The moral message of Richard Pipes


Richard Pipes, the author of a monumental, sharply polemical series of historical works on Russia, the Russian Revolution and the Bolshevik regime, and a top adviser to the Reagan administration on Soviet and Eastern European policy, died on Thursday at a nursing home near his home in Cambridge, Mass., the New York Times reports:

Professor Pipes, a moralist shaped by his experiences as a Jew who had fled the Nazi occupation of Poland, would have none of it. He presented the Bolshevik Party as a conspiratorial, deeply unpopular clique rather than the spearhead of a mass movement. He shed new and harsh light on the Bolshevik campaign against the peasantry, which, he argued, Lenin had sought to destroy as a reactionary class. He also accused Lenin of laying the foundation of the terrorist state that his successor, Joseph Stalin, perfected.

“I felt and feel to this day that I have been spared not to waste my life on self-indulgence and self-aggrandizement but to spread a moral message by showing, using examples from history, how evil ideas lead to evil consequences,” Professor Pipes wrote in a memoir. “Since scholars have written enough on the Holocaust, I thought it my mission to demonstrate this truth using the example of communism.”

His historical perspective informed his analysis of contemporary Russian society and politics, the Wall Street Journal observes.

Russia today, as in the past, consists of a multitude of tiny enclaves to which the government feels no responsibility and which expect very little from those who rule them. Judging by voting results, a mere 10% of Russians, mostly concentrated in large cities, hold Western views of the powers and duties of government, he write in Why the Bear Growls,” a March 1, 2006, Journal op-ed:

The cause of this is in some measure the deliberate refusal of the post-communist regime to make a clean break with the Soviet past. Outside of the two capital cities, Moscow and St. Petersburg, the relics of the communist era are everywhere in evidence. . . . According to opinion polls, nearly one-third of Russians, presumably mostly residents of rural districts and small towns, are not aware that the Soviet regime no longer exists: They still continue to view it as “their” government.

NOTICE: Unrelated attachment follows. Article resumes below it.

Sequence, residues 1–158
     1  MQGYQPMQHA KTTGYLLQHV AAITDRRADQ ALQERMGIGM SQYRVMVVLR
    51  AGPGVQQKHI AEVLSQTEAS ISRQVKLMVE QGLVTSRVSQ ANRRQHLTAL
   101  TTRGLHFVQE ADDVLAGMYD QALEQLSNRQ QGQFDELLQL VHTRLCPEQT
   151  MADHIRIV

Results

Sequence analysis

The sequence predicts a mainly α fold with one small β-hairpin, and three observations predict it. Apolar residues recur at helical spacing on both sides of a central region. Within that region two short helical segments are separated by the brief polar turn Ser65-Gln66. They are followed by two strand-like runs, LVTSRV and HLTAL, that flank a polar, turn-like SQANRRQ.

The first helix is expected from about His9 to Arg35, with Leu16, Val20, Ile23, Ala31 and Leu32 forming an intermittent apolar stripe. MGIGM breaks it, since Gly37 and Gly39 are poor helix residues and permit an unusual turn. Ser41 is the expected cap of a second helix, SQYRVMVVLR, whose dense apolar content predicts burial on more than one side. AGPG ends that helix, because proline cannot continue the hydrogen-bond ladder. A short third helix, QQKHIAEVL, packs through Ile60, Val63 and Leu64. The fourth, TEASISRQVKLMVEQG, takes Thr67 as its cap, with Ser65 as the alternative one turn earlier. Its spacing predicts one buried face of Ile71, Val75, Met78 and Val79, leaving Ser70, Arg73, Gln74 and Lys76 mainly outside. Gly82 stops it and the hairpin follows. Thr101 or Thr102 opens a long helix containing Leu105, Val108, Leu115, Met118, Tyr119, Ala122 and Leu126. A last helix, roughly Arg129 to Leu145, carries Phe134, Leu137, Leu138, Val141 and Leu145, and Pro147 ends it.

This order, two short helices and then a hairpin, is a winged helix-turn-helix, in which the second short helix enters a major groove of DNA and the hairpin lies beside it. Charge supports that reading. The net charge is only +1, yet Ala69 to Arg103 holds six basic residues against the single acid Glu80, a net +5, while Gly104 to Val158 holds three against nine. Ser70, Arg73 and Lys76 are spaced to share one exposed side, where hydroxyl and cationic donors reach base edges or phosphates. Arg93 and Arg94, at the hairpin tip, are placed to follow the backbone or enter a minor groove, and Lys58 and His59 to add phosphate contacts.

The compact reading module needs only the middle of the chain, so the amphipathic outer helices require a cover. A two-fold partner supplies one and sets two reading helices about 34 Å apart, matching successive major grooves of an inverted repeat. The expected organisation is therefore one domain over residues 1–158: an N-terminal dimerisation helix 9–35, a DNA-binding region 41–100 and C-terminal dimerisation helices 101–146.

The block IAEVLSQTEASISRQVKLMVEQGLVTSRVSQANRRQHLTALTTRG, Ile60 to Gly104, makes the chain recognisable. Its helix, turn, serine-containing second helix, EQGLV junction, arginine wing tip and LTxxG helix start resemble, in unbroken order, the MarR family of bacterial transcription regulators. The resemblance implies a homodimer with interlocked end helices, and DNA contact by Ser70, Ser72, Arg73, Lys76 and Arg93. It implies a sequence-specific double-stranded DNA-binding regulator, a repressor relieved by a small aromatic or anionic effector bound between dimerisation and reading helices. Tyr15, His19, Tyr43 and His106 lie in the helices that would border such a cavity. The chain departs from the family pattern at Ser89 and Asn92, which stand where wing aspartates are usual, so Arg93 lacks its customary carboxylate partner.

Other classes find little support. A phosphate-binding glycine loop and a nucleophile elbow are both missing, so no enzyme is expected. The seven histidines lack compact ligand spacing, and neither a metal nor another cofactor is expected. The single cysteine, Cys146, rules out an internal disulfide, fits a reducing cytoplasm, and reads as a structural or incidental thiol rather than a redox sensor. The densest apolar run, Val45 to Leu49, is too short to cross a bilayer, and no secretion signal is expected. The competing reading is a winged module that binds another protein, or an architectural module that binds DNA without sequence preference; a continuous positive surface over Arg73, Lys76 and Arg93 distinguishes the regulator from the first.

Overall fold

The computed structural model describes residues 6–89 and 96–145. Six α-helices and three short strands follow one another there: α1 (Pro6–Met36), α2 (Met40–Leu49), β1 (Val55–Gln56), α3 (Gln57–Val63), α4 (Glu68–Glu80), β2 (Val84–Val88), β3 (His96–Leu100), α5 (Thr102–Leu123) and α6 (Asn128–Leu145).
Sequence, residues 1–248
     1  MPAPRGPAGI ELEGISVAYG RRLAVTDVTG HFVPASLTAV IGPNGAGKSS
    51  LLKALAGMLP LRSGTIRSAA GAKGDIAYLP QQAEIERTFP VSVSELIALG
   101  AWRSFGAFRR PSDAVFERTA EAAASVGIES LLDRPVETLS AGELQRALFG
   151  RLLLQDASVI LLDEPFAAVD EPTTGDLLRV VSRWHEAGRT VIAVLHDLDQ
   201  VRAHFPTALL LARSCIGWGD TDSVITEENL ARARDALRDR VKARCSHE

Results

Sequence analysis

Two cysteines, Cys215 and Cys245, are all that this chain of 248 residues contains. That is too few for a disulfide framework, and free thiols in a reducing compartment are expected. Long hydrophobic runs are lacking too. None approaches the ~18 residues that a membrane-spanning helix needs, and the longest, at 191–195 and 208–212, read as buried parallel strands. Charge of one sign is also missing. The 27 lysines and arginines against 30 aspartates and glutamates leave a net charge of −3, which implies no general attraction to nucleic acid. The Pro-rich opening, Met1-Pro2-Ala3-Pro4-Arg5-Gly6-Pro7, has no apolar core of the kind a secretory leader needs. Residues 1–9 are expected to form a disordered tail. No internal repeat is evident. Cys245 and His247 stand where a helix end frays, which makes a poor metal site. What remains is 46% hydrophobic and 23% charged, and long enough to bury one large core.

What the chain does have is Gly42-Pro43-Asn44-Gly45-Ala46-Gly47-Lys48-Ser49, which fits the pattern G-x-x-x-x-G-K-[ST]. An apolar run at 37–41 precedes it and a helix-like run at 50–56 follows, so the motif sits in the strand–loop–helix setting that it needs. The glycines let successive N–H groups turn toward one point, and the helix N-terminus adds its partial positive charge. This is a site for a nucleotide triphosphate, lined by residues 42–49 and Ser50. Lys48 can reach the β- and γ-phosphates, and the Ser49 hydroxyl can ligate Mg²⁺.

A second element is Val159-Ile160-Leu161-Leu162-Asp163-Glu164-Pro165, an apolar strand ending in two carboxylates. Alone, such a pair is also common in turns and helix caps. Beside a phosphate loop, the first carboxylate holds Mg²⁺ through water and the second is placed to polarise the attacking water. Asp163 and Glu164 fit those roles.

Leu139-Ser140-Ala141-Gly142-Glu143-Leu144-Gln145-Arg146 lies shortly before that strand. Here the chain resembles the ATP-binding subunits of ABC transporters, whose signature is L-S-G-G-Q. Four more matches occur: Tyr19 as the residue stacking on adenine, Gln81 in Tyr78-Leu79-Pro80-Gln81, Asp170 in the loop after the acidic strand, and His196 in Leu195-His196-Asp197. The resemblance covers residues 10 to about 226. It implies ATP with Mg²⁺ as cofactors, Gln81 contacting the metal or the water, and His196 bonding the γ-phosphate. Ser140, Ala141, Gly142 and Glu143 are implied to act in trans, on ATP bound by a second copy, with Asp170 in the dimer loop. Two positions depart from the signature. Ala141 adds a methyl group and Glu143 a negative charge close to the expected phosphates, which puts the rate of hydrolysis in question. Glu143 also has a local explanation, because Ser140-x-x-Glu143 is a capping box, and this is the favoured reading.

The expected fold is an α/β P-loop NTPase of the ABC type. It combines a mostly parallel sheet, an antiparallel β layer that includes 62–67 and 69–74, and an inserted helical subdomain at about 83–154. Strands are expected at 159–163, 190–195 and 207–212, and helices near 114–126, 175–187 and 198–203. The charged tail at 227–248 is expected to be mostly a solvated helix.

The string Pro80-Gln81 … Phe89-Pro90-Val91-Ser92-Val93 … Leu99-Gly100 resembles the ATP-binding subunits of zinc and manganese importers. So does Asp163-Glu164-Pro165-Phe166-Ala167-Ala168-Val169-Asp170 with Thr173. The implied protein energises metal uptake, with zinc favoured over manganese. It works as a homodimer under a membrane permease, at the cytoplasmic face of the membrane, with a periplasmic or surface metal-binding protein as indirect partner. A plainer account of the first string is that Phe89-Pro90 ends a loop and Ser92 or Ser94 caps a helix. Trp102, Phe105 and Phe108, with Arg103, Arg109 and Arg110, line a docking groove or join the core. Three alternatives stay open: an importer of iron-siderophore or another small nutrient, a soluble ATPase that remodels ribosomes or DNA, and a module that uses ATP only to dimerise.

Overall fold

“Bewildered by a world in which they have been unable so far to find a secure place for themselves and perplexed by the uncertainties of freedom, Russians are instinctively withdrawing into the familiar universe of autocratic rule,” he wrote in a NYT review of books on Russian’s democratic prospects:

Since experience has taught them they can have no influence on affairs of government no matter what the regime, they are willing to let their rulers do as they please so long as they allow them to pursue their private interests. They are profoundly apolitical because they can see little that government can do for them or they for the government…..Russians have been and continue to be so indifferent to what we in the West consider indispensable: political engagement and civil rights.

Pipes wrote an appreciation of the Polish dissident philosopher Leszek Kolakowski for the National Endowment for Democracy’s Journal of Democracy.

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